Last week I started pulling out all the tax prep paperwork to give to our CPA. Because we both still work and are self-employed, our tax returns are complicated and far above my abilities as a do-it-yourselfer. But as I began going through all the receipts I was relieved to see that in spite of all our expenses—the fun ones like travel, and the necessary ones like medical—we still managed to save a decent amount of money. In other words, thankfully we once again managed to keep our income above our outgo, or “live below our means.” While I realize that isn’t always possible for everyone depending upon circumstances, I do tend to believe that we each continually make certain choices that can help make it more of a reality than a dream. And yes, when we do that, the freedom and peace of mind it brings can far outweigh the effort.
A big topic in my age group is retirement. About half of my friends are looking forward to it while the other half are already there. As for Thom and I, we see ourselves standing with a foot on both sides. We aren’t retired, but neither are we chained to our work. What makes us different from others hoping to retire soon is that we’ve embraced what I call rightsizing. Rightsizing is a process that any of us can do to come into greater alignment with our most cherished values and goals. On a practical level, rightsizing points to actions we can make at any age that will help before, and especially after, a person retires.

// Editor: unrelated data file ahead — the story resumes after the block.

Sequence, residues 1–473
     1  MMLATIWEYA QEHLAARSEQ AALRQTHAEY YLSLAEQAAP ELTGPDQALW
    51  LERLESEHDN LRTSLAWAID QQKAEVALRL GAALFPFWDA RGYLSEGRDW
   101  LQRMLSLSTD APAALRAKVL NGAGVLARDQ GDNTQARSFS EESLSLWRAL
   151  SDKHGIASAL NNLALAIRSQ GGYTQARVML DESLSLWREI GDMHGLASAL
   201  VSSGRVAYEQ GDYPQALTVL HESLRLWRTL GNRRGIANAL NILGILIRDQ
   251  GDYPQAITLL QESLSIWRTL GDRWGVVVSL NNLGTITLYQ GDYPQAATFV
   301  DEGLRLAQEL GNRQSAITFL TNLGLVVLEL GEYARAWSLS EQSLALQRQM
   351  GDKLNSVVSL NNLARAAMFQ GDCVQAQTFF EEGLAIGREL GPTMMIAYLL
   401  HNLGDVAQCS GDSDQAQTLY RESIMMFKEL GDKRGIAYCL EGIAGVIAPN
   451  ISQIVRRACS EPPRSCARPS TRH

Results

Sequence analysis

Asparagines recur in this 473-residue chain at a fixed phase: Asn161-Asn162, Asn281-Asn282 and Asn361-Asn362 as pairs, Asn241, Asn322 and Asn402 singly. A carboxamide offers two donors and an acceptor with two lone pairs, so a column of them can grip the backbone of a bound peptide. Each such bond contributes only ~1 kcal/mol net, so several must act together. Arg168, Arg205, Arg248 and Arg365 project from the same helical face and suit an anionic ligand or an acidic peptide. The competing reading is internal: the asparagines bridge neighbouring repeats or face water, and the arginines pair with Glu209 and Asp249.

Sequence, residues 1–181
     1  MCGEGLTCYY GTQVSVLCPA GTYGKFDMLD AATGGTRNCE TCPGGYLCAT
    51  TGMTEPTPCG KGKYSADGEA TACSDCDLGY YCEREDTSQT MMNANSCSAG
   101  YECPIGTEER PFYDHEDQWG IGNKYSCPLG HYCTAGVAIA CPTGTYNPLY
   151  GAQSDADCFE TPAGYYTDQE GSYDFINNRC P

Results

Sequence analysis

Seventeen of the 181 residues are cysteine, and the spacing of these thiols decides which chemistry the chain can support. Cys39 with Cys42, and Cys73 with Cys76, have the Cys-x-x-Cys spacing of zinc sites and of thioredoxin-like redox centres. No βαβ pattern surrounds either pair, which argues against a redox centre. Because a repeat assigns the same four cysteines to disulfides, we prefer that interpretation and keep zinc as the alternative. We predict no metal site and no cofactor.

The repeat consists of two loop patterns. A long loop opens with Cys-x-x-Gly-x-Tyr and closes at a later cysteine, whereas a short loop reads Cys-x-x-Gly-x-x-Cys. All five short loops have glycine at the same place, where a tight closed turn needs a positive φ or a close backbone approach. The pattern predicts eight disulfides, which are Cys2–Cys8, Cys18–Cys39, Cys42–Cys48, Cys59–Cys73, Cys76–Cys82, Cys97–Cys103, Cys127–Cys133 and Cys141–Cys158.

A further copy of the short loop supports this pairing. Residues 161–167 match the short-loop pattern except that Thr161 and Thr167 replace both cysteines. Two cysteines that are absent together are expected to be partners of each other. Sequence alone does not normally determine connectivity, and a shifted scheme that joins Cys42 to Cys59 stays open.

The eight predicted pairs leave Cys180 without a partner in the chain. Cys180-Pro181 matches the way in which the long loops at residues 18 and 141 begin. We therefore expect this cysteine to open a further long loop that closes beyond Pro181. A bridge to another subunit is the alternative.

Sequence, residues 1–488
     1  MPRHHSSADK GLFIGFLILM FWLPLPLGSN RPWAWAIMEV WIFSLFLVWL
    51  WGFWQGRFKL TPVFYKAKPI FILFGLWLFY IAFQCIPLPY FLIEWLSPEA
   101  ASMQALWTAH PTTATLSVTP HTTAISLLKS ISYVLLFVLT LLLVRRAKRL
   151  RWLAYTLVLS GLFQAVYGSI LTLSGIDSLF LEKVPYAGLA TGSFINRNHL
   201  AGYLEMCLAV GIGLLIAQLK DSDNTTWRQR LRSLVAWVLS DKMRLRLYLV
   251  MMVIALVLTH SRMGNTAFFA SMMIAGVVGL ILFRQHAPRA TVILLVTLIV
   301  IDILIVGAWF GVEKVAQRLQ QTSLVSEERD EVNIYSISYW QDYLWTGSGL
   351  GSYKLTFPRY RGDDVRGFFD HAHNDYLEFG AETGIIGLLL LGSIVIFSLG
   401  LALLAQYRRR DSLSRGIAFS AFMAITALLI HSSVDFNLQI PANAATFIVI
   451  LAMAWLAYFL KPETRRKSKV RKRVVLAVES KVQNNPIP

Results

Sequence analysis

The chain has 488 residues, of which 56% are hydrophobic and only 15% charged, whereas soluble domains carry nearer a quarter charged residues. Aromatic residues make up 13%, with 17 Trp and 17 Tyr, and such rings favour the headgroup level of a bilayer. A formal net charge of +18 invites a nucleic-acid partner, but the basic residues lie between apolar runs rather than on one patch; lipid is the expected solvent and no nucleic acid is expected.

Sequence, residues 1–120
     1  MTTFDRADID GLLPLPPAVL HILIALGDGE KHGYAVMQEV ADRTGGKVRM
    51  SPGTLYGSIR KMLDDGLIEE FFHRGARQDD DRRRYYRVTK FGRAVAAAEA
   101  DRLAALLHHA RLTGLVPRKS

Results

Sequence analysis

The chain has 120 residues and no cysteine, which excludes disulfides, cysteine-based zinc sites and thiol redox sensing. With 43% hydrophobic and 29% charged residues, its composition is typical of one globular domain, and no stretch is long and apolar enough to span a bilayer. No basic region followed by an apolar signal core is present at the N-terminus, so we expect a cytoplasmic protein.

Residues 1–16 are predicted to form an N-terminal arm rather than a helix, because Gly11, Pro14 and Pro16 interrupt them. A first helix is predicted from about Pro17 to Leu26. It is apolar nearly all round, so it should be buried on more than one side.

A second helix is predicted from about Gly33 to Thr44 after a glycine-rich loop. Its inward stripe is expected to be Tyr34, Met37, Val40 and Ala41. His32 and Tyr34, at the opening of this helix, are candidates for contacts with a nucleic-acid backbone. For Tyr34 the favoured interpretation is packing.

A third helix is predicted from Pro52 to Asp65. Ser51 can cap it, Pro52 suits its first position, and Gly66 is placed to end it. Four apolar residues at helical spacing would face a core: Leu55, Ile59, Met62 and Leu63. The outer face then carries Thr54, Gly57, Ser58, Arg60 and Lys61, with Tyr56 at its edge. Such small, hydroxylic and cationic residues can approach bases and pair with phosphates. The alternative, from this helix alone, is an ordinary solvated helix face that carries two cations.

In case you are wondering, I am not a financial advisor. Most retirement “planning” comes from people who would like to manage your finances. That approach tends to put the focus on how much money you make, how much money saved, and how much you need in the future to maintain your current lifestyle. Rightsizing, on the other end, downplays money and instead puts the focus on what is most rewarding in your life.
One of the stories I can vividly remember my father telling me years back was related to his pride at managing his money in retirement. At the time, both my father and mother lived on their social security and some modest savings held in a 401k. Dad frequently bragged that he lived better, traveled more, and seemed to have more fun than many of his friends who retired with big homes and generous pensions. From my perspective, at least at the time, their lifestyle seemed more humble and restricted than I felt necessary. Yet now, less than 20 years later, I recognize that their simple and minimal lifestyle afforded them tremendous benefits that millions of other “hope-to-be-retirees” could learn from—including myself. [Read more…]